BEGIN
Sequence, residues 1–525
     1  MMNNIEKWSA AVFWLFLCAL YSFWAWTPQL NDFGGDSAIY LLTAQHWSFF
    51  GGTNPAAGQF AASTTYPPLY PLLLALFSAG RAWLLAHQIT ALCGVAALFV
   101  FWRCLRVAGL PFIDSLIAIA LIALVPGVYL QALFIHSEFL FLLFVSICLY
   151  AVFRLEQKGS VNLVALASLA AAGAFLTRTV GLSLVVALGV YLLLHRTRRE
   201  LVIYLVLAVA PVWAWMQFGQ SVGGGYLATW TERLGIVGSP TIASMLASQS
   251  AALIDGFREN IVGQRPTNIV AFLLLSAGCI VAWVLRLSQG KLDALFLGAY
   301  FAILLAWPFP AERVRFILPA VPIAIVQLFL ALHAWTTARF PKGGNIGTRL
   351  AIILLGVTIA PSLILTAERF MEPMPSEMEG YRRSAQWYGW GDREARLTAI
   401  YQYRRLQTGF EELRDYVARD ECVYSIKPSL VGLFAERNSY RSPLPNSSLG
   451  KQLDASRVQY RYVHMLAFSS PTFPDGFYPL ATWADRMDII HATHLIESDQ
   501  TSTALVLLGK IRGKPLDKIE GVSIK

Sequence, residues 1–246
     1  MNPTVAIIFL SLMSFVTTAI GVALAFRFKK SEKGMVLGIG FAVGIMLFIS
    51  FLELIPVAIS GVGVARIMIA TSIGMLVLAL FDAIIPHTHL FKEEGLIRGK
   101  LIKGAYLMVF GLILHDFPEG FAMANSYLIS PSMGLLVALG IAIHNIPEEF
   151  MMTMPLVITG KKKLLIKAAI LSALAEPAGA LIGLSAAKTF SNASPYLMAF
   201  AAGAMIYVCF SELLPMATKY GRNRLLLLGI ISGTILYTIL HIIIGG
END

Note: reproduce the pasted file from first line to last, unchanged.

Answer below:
Sequence, residues 1–525
     1  MMNNIEKWSA AVFWLFLCAL YSFWAWTPQL NDFGGDSAIY LLTAQHWSFF
    51  GGTNPAAGQF AASTTYPPLY PLLLALFSAG RAWLLAHQIT ALCGVAALFV
   101  FWRCLRVAGL PFIDSLIAIA LIALVPGVYL QALFIHSEFL FLLFVSICLY
   151  AVFRLEQKGS VNLVALASLA AAGAFLTRTV GLSLVVALGV YLLLHRTRRE
   201  LVIYLVLAVA PVWAWMQFGQ SVGGGYLATW TERLGIVGSP TIASMLASQS
   251  AALIDGFREN IVGQRPTNIV AFLLLSAGCI VAWVLRLSQG KLDALFLGAY
   301  FAILLAWPFP AERVRFILPA VPIAIVQLFL ALHAWTTARF PKGGNIGTRL
   351  AIILLGVTIA PSLILTAERF MEPMPSEMEG YRRSAQWYGW GDREARLTAI
   401  YQYRRLQTGF EELRDYVARD ECVYSIKPSL VGLFAERNSY RSPLPNSSLG
   451  KQLDASRVQY RYVHMLAFSS PTFPDGFYPL ATWADRMDII HATHLIESDQ
   501  TSTALVLLGK IRGKPLDKIE GVSIK

Sequence, residues 1–246
     1  MNPTVAIIFL SLMSFVTTAI GVALAFRFKK SEKGMVLGIG FAVGIMLFIS
    51  FLELIPVAIS GVGVARIMIA TSIGMLVLAL FDAIIPHTHL FKEEGLIRGK
   101  LIKGAYLMVF GLILHDFPEG FAMANSYLIS PSMGLLVALG IAIHNIPEEF
   151  MMTMPLVITG KKKLLIKAAI LSALAEPAGA LIGLSAAKTF SNASPYLMAF
   201  AAGAMIYVCF SELLPMATKY GRNRLLLLGI ISGTILYTIL HIIIGG